The third book by mortician and author Caitlin Doughty, “Will My Cat Eat My Eyeballs?” answers exactly the kind of questions its title alludes to. Known for her web series “Ask a Mortician” and as the founder of “The Order of the Good Death,” Doughty has become somewhat of an expert on the subject and history of funeral practices, and is known for injecting her unique sense of humor into what most consider an uncomfortable topic of discussion.
In “Will My Cat Eat My Eyeballs?” she answers questions from the most curious and candid inquirers—children. “What would happen if you die on an airplane or in space? If you die making a stupid face will it be stuck like that forever? What would happen if you ate a bag of popcorn before you died and then were cremated?”
These and more questions are addressed with honesty and humor. Doughty dispels myths surrounding Viking funerals and the post mortem growth of hair and fingernails (prepare for a surprise!). She elaborates on each answer and provides background and history for each topic, including the laws and restrictions that apply in certain situations (like why you can’t keep your parents’ skulls after they die).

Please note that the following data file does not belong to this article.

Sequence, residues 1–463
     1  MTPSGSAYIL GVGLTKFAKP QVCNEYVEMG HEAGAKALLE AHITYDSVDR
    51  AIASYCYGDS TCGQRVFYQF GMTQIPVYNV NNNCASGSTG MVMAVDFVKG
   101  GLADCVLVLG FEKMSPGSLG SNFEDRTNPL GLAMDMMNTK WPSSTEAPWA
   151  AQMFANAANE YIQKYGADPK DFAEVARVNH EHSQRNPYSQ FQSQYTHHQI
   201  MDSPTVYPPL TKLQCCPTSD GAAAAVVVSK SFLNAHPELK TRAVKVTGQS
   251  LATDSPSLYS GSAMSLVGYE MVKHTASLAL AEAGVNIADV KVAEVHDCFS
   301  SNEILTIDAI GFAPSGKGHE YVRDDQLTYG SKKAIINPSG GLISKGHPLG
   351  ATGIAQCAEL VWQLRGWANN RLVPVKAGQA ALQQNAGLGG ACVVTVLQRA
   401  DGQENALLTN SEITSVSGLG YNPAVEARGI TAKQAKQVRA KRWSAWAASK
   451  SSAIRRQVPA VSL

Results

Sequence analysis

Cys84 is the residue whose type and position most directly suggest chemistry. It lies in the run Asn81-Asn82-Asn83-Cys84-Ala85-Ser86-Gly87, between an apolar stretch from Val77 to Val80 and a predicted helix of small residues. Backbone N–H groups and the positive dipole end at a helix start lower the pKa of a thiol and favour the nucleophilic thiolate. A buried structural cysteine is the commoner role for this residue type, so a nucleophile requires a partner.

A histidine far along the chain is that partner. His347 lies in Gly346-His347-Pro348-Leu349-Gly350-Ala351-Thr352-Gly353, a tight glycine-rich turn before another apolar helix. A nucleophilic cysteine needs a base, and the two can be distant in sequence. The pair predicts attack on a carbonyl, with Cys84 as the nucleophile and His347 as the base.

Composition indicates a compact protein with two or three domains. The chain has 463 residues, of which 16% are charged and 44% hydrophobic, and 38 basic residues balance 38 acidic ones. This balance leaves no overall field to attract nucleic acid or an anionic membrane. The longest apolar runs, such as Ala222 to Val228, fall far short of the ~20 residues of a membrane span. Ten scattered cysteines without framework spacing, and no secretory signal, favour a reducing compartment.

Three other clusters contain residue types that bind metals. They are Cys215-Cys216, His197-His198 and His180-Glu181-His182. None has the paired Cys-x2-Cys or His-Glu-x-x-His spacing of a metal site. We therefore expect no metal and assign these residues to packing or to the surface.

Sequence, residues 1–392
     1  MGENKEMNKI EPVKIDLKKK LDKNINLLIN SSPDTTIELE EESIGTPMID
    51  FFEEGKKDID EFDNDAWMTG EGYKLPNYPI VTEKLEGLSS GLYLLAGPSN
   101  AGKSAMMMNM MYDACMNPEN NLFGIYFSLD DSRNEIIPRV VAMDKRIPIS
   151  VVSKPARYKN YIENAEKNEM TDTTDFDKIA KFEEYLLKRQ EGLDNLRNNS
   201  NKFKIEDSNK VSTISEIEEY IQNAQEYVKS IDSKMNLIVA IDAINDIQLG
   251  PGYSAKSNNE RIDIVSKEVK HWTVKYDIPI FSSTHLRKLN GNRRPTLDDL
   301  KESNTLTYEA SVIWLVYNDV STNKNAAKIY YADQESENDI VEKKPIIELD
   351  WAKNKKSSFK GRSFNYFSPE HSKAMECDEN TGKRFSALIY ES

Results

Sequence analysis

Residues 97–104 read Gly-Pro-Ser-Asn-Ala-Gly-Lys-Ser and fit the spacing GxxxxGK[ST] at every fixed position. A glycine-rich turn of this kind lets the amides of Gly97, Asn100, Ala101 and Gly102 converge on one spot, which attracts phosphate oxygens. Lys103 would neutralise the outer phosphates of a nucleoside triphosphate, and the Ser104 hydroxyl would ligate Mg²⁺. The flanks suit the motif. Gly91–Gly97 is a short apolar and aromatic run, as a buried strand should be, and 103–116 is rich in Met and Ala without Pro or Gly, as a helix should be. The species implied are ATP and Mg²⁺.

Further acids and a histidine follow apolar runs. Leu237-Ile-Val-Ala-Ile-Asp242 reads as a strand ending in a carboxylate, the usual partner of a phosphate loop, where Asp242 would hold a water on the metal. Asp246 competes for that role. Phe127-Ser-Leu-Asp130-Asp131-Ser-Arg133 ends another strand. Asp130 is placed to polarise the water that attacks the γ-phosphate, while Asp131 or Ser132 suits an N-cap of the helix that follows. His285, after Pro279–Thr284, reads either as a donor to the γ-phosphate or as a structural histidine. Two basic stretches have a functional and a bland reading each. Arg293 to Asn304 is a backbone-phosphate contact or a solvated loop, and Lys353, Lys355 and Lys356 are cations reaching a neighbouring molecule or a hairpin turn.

Doughty shares her personal experiences as a mortician and seeks counsel from others in her field to provide the most complete, compelling answers possible.
Void of the sensitivity that adult questions regarding death tend to be shrouded with, the questions posed in this book are straightforward and sincere, though it’s easy to imagine the shock any parent might experience upon hearing one of these inquiries uttered graveside. This is precisely Doughty’s point and is at the heart of the death-positive movement that she advocates. She believes sterilizing death and discouraging the natural curiosity surrounding it only adds to the fear and misunderstanding associated with the experience every living thing will encounter.
“Will My Cat Eat My Eyeballs?” is morbidly funny and frank, lighthearted and informative. This book is delight for all and a must for adults who might fall victim to a barrage of childhood questions.